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“I feel very blessed; I’m very thankful,” Quigley says.
Puzanov presented initial findings from the Phase I trial at this year’s annual American Society of Clinical Oncology conference. Of 16 patients with BRAF-positive melanoma, more than half had their cancer shrink by at least 30 percent. Patients without the mutation had no response to the drug. The investigators have extended the Phase I trial to include additional patients, and they are preparing to launch Phase II studies, which will treat between 90 and 150 patients at 12 centers. Sosman is leading the Phase II trial.
“The world of melanoma treatment has changed,” Sosman says.
“It’s really very exciting to treat patients whose tumors have the right genetic profile with this drug and expect them to respond, and for the most part they do.”
The BRAF mutation targeted by the PLX drug also is present in other cancers, Sosman points out. It’s present in about 40
percent of thyroid cancers, 10 percent to 15 percent of colon cancers, and 3 percent to 6 percent of lung cancers. A trial under way in colon cancer patients with the mutation is showing response rates similar to the melanoma studies.
These findings highlight a shifting view of cancer – rather than being a disease known primarily by its tissue of origin (breast, colon, lung), it is moving to a disease classified by the genetic mutations that drive it. And this change has implications for
therapy, Sosman notes.
“Cancers of the same genetic abnormalities should be treated the same whether they come from the skin or the colon or the lung,” he says. “I think that’s a concept that is really going to change our approach to treatment.”
This is the crux of the personalized oncology initiative that Pao is leading at Vanderbilt-Ingram – to put into place the systems that will allow physicians to routinely measure a tumor’s genetic changes and fit therapies to them.
Stitching the pieces together
Implementing a new clinical strategy requires the cooperation of multiple parts of the clinical enterprise, Pao points out, which could be an onerous task. But at Vanderbilt-Ingram, which he joined this year, Pao has found a culture of collaboration and “an openness to new ideas and trying new things that might improve patient care.”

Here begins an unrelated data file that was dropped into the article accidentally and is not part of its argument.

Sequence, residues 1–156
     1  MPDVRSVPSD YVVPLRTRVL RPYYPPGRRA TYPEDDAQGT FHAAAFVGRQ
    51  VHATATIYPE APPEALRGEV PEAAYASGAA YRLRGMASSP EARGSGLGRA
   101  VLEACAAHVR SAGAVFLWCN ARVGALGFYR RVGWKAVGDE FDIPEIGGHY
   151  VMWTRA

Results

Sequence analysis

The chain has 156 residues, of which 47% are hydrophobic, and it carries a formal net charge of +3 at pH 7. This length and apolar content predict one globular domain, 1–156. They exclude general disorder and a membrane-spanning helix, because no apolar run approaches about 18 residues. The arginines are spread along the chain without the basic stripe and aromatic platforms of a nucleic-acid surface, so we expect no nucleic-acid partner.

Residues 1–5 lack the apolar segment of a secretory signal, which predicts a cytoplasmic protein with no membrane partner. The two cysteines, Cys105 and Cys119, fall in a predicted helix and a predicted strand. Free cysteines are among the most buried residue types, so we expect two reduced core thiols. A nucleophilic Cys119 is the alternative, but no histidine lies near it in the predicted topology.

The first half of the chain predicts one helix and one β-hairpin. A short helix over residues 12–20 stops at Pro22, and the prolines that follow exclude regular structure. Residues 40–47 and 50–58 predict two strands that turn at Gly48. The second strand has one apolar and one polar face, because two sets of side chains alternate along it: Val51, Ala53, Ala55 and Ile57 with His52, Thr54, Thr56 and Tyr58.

With the aid of Cindy Vnencak-Jones, Ph.D., and colleagues in the Department of Pathology’s Clinical Molecular Genetics
program, Pao is developing a platform to test for multiple genetic mutations at the same time.
The goal is to develop tests for between 30 and 50 mutations. Pao and colleagues are “mining” databases of reported mutations, in order to build melanoma- and lung cancer-specific panels. Tested mutations will have relevance with respect to existing or emerging targeted therapies. Later, they will develop panels to detect mutations specific to other cancer types.
The results of the tests will need to be integrated into the electronic medical record with algorithms that aid physicians in assigning therapies. Vanderbilt is a world leader in medical informatics, and Dan Masys, M.D., professor and chair of Biomedical Informatics at Vanderbilt, and his colleagues are working on the informatics needs.
“Many cancer centers are trying to move this kind of tumor genotyping and therapy planning forward, but the big question is how to do that in the most efficient manner,” Pao says. “I think that Vanderbilt has the right strengths to really make this happen.”
The initiative is being supported by the Robert J. Kleberg, Jr. and Helen C. Kleberg Foundation and an anonymous foundation. Foundation support is especially important, Pao says, because it is difficult to gain National Institutes of Health funding for “nuts and bolts” implementation efforts like this.
Ultimately, Pao thinks that using genetic measurements to guide therapy decisions will become routine, something that we won’t even call “personalized” anymore.
But he is quick to acknowledge that we’re not there yet.
We still need the results of ongoing efforts that are defining the genetic mutations in cancers – particularly those mutations to which tumors become “addicted,” Pao says. We need more and better drugs to hit those targets. We need to understand how tumors that initially respond to targeted medicines become resistant – something Pao and his colleagues have done for lung cancers that become resistant to Iressa or Tarceva – and use that information to identify new targets and new drugs.
Despite the hurdles, Pao is excited.
“The genetic alteration that causes CML – BCR-ABL – was discovered more than 30 years ago, but it wasn’t until the last decade that we had a drug that could be used in patients with that mutation,” he notes. In contrast, investigators identified a new genetic mutation (called EML4-ALK) in 5 percent of lung cancer patients just two years ago, and already a specific inhibitor has moved through Phase I trials with a 50 percent response rate in patients with the mutation.
“The pace of discovery is increasing and we’re going to be able in the next five to 10 years to routinely assign therapies based on the genetic makeup of patients’ tumors.”
Perfectly fitted therapies. My grandma would be pleased.